Meet Andrew Kennedy
As part of the launch of the new look and feel of FishingMagic we are not only bringing a number of ‘household’ angling names into the fold; we have also started to scout some bright ‘new’ writing talent – meet Andrew Kennedy!
Like most FishingMagic browsers angling forms a huge part of my life and has done for a significant period of time; since I was five years old in fact when I had my first fishing experience whilst on holiday in Ibiza.
I remember looking into a harbour and being mesmerised by the thousands of small fish which seemed to fill it. Instantly I lost interest in building sandcastles or paddling in the sea; I wanted to get closer to the fish I could see.
As a youth my dad had learned how to make a minnow trap by punching a hole in the bottom of an old wine bottle and baiting it with bread. We tried this but the fish didn’t seem too interested at swimming inside. Still, my dad sensed my enthusiasm and went straight out to buy me a telescopic fishing rod. To me this was the best thing he could have ever done for me, though I’m sure the subsequent spillages of maggots in his car boot were enough to convince him otherwise!
Surprisingly, we managed to catch a few mullet and sea bream from the harbour but what fascinated me most was the sheer number of fish we could see; I wanted to catch them all! That was it, the seeds of a life-long angling addiction were sown and I’ve never looked back...
I grew up just South of Chesterfield, Derbyshire and fished local day ticket ponds as often as I could, mainly after school and during the holidays. Despite my dad’s handiness with the wine bottle nobody in my family fished so my own enthusiasm was key to me teaching myself to fish. I managed to do this through a mixture of trial and error, reading fishing books & angling weeklies and asking far too many questions to some very patient, experienced anglers I met on the bank.
Of course I caught very little to start with but soon I was putting together small bags of gudgeon, roach and perch with relative ease and every now and again a crucian carp, tench or chub would make an appearance. It was landing these occasional, harder fighting, harder to catch fish that I feel first awakened my interest in specimen angling.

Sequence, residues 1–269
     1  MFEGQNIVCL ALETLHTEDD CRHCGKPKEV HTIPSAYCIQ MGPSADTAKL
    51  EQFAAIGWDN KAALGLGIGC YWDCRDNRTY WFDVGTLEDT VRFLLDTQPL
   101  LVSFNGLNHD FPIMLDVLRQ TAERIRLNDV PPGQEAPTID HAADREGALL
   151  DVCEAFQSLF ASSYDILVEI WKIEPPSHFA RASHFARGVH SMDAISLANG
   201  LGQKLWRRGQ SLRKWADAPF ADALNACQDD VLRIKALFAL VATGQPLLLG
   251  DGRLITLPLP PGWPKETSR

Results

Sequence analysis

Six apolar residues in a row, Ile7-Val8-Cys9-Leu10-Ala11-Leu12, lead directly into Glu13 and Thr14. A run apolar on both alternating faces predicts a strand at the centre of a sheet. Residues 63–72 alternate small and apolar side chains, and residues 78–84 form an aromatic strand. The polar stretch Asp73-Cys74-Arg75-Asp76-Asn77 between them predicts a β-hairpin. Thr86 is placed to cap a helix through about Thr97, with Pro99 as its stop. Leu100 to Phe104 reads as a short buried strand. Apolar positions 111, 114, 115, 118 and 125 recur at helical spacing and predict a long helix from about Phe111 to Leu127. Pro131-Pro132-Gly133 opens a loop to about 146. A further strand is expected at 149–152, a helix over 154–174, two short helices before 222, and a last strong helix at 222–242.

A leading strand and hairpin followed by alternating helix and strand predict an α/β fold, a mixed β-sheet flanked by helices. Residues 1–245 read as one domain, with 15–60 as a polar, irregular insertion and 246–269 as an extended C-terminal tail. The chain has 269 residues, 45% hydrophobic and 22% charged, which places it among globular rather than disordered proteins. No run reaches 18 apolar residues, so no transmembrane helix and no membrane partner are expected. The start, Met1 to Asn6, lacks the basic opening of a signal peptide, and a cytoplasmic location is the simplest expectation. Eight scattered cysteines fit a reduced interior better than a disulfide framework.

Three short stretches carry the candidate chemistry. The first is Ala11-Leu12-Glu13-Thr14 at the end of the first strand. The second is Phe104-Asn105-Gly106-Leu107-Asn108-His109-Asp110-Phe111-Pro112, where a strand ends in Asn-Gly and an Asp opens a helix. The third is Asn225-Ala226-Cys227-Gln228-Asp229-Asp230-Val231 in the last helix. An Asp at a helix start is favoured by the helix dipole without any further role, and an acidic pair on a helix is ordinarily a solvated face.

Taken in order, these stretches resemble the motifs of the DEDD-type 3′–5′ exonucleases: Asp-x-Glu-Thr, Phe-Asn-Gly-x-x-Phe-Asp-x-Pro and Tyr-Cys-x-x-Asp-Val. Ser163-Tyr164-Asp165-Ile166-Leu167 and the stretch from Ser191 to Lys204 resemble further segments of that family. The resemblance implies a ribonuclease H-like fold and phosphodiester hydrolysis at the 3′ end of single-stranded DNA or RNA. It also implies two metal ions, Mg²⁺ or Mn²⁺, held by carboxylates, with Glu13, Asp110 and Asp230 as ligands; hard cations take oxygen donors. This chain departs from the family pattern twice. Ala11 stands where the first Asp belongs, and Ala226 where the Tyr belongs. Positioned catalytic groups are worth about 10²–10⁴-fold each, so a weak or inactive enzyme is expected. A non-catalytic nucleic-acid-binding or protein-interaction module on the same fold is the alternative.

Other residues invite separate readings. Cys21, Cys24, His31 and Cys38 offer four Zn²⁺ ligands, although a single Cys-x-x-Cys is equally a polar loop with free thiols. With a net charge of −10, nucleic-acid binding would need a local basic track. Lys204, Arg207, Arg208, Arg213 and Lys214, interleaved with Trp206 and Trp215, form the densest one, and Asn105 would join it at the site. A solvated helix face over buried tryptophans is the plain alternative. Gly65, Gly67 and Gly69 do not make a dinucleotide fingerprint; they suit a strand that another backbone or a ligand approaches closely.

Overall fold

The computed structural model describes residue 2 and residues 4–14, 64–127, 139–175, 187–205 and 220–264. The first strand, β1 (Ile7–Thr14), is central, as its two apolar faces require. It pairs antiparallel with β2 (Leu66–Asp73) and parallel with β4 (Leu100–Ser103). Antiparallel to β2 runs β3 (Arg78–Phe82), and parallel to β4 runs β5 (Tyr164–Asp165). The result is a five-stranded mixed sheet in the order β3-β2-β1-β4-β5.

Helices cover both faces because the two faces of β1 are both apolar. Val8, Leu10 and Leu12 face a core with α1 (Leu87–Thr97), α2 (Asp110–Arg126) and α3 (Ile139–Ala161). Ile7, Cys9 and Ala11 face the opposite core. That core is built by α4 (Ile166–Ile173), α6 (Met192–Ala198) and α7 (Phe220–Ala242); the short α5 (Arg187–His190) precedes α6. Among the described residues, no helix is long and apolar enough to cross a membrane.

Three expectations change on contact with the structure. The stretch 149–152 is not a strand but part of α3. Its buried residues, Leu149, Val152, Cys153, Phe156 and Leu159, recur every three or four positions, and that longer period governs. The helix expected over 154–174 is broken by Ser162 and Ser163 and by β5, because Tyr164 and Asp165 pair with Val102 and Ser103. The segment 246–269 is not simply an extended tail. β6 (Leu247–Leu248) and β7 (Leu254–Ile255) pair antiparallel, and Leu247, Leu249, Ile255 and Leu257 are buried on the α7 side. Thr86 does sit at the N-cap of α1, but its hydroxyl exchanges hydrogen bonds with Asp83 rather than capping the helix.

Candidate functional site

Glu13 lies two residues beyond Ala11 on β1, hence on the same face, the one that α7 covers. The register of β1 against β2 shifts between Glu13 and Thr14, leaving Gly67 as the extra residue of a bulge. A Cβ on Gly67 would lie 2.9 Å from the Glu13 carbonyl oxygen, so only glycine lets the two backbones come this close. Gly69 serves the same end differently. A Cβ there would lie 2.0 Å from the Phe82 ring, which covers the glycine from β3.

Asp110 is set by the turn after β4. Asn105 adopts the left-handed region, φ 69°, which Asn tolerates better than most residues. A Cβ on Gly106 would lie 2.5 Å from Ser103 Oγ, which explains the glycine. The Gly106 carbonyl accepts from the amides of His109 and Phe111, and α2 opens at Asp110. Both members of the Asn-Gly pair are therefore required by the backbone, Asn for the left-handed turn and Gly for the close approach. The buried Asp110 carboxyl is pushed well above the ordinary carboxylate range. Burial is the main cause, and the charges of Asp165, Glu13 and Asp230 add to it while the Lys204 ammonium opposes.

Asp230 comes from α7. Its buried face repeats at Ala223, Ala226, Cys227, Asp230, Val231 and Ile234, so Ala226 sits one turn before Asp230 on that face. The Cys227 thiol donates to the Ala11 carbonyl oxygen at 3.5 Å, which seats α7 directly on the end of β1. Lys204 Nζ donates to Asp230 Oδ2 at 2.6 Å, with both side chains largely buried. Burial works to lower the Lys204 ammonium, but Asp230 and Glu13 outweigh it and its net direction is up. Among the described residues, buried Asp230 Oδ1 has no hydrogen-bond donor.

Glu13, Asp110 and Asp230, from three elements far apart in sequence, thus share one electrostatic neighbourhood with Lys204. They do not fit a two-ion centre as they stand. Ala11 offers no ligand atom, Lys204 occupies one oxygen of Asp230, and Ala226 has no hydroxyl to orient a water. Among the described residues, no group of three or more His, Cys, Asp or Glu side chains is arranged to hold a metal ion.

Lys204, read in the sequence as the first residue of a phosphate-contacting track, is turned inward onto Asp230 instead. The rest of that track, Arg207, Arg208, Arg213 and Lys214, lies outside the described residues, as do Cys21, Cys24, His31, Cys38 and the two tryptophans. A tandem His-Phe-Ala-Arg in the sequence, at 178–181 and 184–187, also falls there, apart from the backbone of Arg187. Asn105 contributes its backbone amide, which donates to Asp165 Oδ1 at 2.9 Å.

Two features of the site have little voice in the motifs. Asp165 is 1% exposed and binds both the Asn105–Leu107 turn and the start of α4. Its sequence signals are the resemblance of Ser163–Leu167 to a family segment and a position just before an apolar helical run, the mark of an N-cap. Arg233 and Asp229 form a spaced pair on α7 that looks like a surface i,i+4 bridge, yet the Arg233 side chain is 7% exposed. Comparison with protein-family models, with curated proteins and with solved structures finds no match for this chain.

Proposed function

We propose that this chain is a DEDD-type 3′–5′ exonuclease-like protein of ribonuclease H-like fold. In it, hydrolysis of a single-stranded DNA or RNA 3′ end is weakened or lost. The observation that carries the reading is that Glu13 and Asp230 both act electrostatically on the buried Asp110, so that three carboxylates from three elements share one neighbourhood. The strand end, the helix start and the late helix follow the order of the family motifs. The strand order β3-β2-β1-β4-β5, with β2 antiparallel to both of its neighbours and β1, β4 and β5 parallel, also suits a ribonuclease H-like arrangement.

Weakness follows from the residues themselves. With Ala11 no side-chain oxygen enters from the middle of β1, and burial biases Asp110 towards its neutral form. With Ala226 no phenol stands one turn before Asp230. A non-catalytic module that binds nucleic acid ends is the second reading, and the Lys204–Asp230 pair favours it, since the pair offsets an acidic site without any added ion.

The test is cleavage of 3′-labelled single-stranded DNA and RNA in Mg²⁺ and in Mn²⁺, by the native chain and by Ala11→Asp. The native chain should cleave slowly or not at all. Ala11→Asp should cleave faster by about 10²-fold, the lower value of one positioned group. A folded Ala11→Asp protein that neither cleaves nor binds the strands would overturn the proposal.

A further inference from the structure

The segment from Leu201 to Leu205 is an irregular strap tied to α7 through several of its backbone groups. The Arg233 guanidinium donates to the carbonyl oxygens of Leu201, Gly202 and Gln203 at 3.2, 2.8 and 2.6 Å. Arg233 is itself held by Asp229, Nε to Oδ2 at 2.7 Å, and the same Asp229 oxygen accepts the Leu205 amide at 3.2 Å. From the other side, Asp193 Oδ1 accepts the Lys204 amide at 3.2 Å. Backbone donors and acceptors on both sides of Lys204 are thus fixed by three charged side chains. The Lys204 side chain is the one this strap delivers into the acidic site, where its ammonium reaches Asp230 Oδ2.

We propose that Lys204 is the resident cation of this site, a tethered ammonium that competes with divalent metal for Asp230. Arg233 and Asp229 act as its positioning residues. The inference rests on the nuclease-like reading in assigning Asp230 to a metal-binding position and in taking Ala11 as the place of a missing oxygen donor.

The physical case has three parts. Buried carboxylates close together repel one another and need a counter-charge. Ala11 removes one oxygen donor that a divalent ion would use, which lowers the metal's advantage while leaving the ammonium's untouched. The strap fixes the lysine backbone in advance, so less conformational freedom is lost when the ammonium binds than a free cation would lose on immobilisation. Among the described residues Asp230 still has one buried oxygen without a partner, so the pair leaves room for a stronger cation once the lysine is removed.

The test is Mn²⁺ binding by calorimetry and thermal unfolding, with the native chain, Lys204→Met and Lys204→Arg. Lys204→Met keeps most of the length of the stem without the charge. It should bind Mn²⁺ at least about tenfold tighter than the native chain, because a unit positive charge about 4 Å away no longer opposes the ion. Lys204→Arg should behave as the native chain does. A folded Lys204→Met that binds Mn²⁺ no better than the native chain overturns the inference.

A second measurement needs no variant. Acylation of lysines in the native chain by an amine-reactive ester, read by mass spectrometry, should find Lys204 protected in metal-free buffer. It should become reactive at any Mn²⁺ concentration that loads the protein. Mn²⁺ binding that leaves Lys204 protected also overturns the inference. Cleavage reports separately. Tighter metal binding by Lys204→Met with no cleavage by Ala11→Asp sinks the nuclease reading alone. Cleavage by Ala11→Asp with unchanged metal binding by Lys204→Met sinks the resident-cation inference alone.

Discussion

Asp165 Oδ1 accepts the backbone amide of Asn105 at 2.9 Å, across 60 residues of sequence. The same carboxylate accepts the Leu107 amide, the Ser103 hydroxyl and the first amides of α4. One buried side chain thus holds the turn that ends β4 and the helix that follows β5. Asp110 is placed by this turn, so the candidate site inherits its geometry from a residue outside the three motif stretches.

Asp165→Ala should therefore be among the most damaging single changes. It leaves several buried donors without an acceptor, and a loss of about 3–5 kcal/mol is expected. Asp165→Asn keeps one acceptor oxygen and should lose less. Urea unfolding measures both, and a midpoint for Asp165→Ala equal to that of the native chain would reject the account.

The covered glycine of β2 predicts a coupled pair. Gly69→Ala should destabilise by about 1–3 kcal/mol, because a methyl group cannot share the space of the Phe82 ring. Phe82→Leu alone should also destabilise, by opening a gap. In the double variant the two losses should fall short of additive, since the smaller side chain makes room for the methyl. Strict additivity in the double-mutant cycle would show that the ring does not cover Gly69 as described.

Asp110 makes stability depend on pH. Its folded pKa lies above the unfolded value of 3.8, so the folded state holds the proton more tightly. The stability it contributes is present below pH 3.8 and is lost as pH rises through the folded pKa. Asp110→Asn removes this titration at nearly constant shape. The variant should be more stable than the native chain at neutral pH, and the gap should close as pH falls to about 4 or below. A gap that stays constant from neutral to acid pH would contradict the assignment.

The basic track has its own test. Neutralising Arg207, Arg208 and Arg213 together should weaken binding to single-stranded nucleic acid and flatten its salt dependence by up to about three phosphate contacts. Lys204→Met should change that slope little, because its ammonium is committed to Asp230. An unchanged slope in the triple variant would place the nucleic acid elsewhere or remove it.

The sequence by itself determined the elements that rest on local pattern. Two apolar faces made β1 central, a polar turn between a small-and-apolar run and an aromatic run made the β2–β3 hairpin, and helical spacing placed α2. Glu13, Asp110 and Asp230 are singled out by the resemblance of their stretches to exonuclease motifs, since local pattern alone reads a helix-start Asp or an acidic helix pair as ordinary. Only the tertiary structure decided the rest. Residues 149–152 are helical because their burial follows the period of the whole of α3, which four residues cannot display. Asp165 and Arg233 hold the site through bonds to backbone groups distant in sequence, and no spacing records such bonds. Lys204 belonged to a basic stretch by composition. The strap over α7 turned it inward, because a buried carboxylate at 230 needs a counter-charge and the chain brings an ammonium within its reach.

For a good few years, however, my focus remained on catching more and more small fish and I soon learned the benefits that pole fishing for them could bring. I entered the odd match and eventually managed to win our local junior open, which I think I’d blanked in for the previous three years!
Soon after this I pretty much ditched the pole because I’d already become seduced by those mysterious large, uncatchable fish, which I would often see cruising around near the surface. I'm talking, of course, about carp.
As with many modern anglers my first forays into specimen fishing proper were directed at carp and after hearing so much myth and rumour about them over the years (and being young, believing most of them) when I finally managed to catch a small one on float-fished luncheon meat I really felt like I’d achieved something.
The next carp I landed was a 9lb 2oz mirror on freelined bread crust on a match rod with 12lb line straight through to a size 10 barbless hook. Back then this was a massive fish for me! It was a total game-changer and my focus immediately switched towards targeting carp and I spent countless summer evenings floater fishing and stalking them. Then along with my best mate Matt I got into night fishing for carp too.
Whilst carping became my main focus I never completely gave up on targeting other species. I always loved fishing the lift method for tench and crucians or fishing shallow for summer rudd. Then in January 2000 a chance encounter with a near 19lb pike - on my first serious session targeting them - blew my mind and again changed my outlook on fishing completely.
I realised there was far more to specimen hunting than just carp and although I’d far from mastered this single species I was inspired to begin specialising far more. Along with two mates I dreamed up a week-long fishing tour of Norfolk targeting different species each day. It was an ambitious undertaking for three eighteen-year-olds from the Midlands but off we set towards Norwich in a huge van full of nothing but tackle, sleeping bags and us (I’ll have to write about that week in detail, one day!).